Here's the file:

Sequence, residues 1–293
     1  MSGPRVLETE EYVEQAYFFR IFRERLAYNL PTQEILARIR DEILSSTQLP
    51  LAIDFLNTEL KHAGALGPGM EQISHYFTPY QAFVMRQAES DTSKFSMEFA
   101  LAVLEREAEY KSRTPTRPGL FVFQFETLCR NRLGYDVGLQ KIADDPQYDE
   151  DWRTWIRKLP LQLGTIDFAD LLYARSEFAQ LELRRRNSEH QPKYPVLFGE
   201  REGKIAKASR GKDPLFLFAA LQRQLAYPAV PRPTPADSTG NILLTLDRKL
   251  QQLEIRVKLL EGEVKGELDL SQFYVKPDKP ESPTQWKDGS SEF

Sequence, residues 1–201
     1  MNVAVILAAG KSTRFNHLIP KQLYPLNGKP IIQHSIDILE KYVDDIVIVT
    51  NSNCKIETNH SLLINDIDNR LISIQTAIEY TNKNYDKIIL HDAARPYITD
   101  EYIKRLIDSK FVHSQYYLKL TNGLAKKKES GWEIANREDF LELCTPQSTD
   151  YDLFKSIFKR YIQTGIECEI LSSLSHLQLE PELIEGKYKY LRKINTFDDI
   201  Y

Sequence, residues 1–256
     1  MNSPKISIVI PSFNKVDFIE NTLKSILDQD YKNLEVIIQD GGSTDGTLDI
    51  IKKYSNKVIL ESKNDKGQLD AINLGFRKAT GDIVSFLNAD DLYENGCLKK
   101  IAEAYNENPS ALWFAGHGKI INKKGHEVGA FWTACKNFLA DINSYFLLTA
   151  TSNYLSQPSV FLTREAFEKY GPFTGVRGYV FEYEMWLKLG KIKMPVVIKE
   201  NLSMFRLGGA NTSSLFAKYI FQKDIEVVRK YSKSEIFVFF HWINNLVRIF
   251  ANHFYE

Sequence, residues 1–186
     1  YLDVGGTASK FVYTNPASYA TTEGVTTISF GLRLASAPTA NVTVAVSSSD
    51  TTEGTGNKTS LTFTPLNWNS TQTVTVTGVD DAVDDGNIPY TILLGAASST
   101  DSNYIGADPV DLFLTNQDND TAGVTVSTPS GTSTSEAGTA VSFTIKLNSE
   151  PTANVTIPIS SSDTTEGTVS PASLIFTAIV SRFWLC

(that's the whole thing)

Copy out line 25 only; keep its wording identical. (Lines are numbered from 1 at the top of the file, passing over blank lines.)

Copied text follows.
   151  PTANVTIPIS SSDTTEGTVS PASLIFTAIV SRFWLC